Mum's happiness affects the likeliness of a baby suffering colic
Higher levels of maternal support during pregnancy and post partum are associated with lower rates of colic.
By Practical Parenting
April 27 2017
Mum’s happiness has a greater effect on a newborn baby than you think.
“Higher levels of maternal social support during pregnancy and post partum are associated with lower rates of maternal reported infant colic,” the researchers wrote.
What is colic
Babies who cry a lot and can’t be settled are often described as having ‘colic’. In the case of the study. colic was defined as a baby crying for at least three hours a day.
The study, published here, says researchers set out to investigate “the association between infant colic and three types of maternal support: general maternal social support (during pregnancy and post partum), the happiness of the mother-partner relationship (during pregnancy and post partum) and partner involvement in caring for the newborn.”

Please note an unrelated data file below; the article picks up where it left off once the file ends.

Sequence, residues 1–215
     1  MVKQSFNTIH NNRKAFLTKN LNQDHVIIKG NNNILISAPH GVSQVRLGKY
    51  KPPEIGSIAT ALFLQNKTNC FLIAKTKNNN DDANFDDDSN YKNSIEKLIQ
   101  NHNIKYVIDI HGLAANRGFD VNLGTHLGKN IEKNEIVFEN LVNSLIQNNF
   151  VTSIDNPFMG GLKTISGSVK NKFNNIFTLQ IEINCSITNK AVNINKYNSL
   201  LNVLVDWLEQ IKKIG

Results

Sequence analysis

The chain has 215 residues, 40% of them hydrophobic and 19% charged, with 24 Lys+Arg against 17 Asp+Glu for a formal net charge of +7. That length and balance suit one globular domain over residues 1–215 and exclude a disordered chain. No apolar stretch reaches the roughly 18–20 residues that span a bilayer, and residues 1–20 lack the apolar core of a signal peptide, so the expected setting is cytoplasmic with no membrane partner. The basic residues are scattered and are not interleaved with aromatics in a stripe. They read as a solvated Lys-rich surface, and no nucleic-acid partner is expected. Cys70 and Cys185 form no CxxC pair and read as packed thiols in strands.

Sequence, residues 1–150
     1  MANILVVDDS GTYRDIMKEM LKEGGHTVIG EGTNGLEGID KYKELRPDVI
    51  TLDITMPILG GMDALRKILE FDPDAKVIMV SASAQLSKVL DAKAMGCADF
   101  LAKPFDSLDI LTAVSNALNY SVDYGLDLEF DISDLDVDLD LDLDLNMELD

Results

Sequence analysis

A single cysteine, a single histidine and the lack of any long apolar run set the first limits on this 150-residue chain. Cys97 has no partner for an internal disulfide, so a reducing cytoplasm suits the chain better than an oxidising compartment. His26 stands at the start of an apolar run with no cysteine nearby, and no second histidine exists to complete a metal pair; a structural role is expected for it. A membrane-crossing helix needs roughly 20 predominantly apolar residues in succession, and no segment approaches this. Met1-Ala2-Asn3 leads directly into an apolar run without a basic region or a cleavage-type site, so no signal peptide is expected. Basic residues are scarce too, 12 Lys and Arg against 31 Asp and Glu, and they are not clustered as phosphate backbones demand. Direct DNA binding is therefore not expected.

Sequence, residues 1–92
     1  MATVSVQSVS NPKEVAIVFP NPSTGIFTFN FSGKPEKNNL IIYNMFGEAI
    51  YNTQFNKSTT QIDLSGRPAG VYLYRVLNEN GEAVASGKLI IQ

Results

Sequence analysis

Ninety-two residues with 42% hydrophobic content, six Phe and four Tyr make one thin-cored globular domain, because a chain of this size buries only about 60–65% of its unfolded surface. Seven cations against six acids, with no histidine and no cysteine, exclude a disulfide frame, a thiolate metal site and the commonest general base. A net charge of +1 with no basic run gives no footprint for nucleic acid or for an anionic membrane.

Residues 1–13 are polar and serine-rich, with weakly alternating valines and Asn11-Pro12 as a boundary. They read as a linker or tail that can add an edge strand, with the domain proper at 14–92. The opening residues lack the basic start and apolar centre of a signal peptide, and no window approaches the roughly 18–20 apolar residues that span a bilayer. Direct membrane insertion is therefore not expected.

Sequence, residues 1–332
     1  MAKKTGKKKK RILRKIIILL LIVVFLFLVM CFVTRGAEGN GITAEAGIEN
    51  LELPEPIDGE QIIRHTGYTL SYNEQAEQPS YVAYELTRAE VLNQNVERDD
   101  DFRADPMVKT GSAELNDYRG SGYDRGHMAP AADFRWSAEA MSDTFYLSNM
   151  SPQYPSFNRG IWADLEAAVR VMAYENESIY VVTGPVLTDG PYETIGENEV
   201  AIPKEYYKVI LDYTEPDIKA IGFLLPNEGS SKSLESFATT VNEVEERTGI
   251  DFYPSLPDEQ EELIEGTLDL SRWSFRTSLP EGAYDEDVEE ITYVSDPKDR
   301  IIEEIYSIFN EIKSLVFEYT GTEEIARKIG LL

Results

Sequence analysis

Over 3,000 women, connected to the statewide First Baby Study, answered questions regarding their life satisfaction. Including community, family, and partner support both before and after birth, along with reports of colic.
The findings suggest that mother’s who experienced greater happiness and support are less likely to have a colicky baby.
Worth noting is the fact that the participants were first time mums, so it’s unknown if the results can be generalised to all mothers.